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I am trying to learn the basics of compression using only ASCII.

If I am sending an email of strings of lower-case letters. If the file has n characters each stored as an 8-bit extended ASCII code, then we need 8n bits. But according to Guiding principle of compression: we discard the unimportant information. So using that we don't need all ASCII codes to code strings of lowercase letters: they use only 26 characters. We can make our own code with only 5-bit codewords (25 = 32 > 26), code the file using this coding scheme and then decode the email once received.

The size has decreased by 8n - 5n = 3n, i.e. a 37.5% reduction.

But what IF the email was formed with lower-case letters (26), upper-case letters, and extra m characters and they have to be stored efficiently?

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1 Answer 1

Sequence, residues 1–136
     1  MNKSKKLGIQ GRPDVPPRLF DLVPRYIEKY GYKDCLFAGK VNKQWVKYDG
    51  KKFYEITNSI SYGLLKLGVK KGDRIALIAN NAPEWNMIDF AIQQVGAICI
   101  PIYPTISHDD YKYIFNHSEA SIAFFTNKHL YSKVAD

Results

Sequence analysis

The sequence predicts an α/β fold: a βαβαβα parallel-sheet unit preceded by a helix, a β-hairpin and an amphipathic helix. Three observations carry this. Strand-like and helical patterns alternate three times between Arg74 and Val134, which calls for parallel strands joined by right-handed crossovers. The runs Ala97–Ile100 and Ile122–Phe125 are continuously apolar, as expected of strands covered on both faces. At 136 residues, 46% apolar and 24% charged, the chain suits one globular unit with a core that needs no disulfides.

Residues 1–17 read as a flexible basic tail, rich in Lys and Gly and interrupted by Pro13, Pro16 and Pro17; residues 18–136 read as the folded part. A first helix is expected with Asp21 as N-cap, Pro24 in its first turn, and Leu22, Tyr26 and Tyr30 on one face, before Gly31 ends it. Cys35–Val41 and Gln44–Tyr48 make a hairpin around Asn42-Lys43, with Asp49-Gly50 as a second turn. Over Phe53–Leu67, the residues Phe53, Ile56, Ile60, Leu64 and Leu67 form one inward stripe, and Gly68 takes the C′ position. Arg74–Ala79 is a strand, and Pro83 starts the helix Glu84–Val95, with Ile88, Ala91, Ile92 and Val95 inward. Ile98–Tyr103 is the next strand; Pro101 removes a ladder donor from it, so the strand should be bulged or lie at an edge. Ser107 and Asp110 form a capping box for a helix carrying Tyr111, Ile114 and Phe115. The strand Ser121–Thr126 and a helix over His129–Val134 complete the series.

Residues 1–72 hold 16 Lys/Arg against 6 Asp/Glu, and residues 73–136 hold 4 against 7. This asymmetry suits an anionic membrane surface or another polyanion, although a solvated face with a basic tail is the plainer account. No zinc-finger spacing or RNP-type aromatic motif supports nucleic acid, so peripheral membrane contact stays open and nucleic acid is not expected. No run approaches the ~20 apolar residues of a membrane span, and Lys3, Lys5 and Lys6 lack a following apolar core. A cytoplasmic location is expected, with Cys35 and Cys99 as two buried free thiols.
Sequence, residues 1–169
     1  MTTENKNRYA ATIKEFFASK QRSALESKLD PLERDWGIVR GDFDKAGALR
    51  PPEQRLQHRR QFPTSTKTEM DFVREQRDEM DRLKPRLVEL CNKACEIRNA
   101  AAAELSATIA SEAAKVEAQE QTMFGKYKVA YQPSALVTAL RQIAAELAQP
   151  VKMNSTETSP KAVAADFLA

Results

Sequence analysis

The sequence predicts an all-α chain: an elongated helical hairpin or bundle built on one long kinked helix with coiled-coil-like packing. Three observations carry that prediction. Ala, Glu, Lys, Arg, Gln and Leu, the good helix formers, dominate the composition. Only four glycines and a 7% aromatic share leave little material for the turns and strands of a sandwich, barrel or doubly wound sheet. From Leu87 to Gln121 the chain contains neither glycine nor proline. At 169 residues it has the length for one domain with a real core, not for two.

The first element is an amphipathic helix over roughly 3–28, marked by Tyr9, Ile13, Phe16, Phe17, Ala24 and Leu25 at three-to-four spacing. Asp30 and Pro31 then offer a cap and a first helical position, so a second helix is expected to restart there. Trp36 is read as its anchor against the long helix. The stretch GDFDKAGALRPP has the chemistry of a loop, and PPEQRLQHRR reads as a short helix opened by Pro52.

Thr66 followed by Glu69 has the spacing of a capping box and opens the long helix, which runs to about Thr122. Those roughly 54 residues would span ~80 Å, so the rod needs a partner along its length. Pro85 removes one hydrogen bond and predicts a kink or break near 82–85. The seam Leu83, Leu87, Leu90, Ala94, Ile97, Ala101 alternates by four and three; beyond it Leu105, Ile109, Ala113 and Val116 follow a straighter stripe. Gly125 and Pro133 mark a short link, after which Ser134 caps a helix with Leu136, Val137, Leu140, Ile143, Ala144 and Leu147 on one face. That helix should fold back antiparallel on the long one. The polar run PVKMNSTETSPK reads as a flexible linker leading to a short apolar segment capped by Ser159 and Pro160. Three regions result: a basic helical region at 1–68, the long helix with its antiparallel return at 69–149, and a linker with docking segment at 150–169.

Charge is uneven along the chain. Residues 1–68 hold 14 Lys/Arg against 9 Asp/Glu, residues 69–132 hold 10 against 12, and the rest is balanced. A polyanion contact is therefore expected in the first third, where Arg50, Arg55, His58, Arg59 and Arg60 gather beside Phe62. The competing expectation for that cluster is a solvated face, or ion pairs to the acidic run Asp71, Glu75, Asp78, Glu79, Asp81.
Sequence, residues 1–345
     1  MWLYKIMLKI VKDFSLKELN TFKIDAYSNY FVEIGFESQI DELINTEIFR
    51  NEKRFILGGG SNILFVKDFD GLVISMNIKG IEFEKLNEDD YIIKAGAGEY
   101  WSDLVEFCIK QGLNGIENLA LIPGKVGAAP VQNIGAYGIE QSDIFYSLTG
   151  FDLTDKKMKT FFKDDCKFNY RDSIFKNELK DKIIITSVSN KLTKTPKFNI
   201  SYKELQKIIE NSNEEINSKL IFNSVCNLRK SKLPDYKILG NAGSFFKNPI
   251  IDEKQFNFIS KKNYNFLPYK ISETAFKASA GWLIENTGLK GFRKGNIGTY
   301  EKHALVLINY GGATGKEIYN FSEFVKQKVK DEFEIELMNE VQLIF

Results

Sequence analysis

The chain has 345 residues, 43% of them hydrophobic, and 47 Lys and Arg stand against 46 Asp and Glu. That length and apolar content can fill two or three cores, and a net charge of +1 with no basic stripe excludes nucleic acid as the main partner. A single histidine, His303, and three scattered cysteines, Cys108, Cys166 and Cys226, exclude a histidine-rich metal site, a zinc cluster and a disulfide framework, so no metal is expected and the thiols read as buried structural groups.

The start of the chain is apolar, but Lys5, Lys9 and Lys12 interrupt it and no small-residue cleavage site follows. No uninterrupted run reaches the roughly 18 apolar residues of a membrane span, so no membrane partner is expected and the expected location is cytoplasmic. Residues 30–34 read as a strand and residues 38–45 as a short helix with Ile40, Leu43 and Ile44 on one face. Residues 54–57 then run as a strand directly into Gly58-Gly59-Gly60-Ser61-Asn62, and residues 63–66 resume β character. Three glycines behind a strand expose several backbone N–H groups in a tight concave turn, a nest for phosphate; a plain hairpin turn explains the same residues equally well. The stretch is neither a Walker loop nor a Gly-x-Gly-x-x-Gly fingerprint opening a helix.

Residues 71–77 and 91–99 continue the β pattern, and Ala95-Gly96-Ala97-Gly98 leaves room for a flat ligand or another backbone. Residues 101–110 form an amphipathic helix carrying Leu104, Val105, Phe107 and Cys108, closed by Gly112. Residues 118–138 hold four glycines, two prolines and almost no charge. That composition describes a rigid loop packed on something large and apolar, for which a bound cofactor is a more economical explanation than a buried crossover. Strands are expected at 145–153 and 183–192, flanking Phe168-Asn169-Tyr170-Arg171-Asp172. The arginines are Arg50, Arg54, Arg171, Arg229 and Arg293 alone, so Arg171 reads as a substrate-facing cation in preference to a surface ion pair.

If you have n symbols of equal probability, then it is possible to code each symbol using log2(n) bits. This is true even if log2(n) is fractional, using arithmetic or range coding. If you limit it to Huffman (fixed number of bits per symbol) coding, you can get close to log2(n), with still a fractional number of bits per symbol on average.

For example, you can encode ten symbols (e.g. decimal digits) in very close to 3.322 bits per symbol with arithmetic coding. With Huffman coding, you can code six of the symbols with three bits and four of the symbols with four bits, for an average of 3.4 bits per symbol.

The use of shift-up and shift-down operations can be beneficial since in English text you expect to have strings of lower case characters with occasional upper case characters. Now you are getting into both higher order models and unequal frequency distributions.

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So suppose what is the maximum valued for m to be able to store F using a 6-bit code????? –  Bic B Aug 15 '12 at 1:49
Huh? .......... –  Mark Adler Aug 15 '12 at 2:24
you didnt understand the question. –  Bic B Aug 15 '12 at 2:55
Yes, that's what "Huh?" means. What is "F"? –  Mark Adler Aug 15 '12 at 4:41
upper case "F" is what i mean –  Bic B Aug 15 '12 at 4:49

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